The windows of a home need to be as energy-efficient and well maintained as possible, this will add to the overall value of the home and improve its appearance. Regular maintenance of a building’s windows is one of the most important considerations for any homeowner since neglect can lead to repairs that are very expensive.
Types of home windows
In older homes, the most common traditional window style is the guillotine or sash style window. These windows have two sliding frames that work on a pulley system and are generally single paned. To improve the energy-efficiency of the windows, a secondary inner pane is frequently added. Modern sash windows have double panes and use springs to slide along vinyl runners instead of the old-fashioned pulley. Their frames are made of wood, vinyl-covered wood or aluminum.
Hinged on one side with a handle for opening and closing, casement windows can be seen in use everywhere. They are available in wood, vinyl-covered wood and aluminum.
Sliding windows work as their name suggests, with one pane sliding behind the other along runners. Made of PVC, they have few mechanical parts to break and so are generally considered a worry-free window. These sorts of window are more usually seen in business premises.
Before choosing a replacement window type, it is important to consider what is needed from the window. If a great view is desired, choosing a fixed or picture window may be preferred, whereas if air circulation is a priority, having windows that open wide such as casements may be better. It’s also important to remember that basements and bedrooms should have at least one window that is large enough to climb through to exit the building in case of a fire or other emergency.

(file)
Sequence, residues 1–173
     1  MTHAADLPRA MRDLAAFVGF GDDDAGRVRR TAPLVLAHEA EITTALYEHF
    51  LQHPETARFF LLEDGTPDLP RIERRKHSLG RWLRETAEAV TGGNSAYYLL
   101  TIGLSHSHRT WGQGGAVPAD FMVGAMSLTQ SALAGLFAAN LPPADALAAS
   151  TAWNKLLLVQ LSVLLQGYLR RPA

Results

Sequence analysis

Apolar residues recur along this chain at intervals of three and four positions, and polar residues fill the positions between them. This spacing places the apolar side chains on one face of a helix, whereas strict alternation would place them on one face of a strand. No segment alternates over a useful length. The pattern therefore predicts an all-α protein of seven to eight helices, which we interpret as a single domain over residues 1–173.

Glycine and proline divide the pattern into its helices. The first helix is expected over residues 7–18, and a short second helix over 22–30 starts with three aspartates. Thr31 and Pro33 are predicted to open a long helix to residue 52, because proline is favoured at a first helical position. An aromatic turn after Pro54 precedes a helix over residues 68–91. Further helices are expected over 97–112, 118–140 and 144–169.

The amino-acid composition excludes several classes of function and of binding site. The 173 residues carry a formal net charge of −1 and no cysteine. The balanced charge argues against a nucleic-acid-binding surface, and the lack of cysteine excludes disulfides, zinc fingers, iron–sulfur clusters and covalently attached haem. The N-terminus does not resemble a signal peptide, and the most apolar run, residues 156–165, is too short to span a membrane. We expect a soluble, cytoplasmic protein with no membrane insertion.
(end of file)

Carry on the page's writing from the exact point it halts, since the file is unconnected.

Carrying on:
Decorating home windows
The choice and variation of window treatments and coverings can be overwhelming and decorating plans can change from moment to moment as materials and styles are browsed through. Choosing the right window treatment to suit the room will help to make the room complete and make the home feel like a home.
Curtains and draperies are some of the most flexible window treatments and are often used interchangeably, though they are two entirely different types of window treatments. Draperies are pleated panels that generally hang from a decorative rod or pole and may be opened and closed via a pulley system, whereas curtains are stationary and must be tied back to be opened.
Valences are very popular treatments for kitchens and bathrooms where a good deal of light is desired but an attractive window covering is also needed. They are mounted along the top frame of the window and may only hang a few inches from the rod.
Shades come in a variety of styles and colors and can fit into any style of home décor. They are also suitable for layering with other types of window coverings. Blinds are another versatile option; available in a variety of colors and styles, they are easy to install and layer as well.
Another great layering option is sheer drapes. Lightweight and attractive, they generally come in white or pale pastel shades and can be used underneath heavier draperies or on their own.
For a rustic look in a kitchen, many homeowners prefer shutters. Dealers who sell shutters can provide a variety of styles, colors and finishes available to choose from.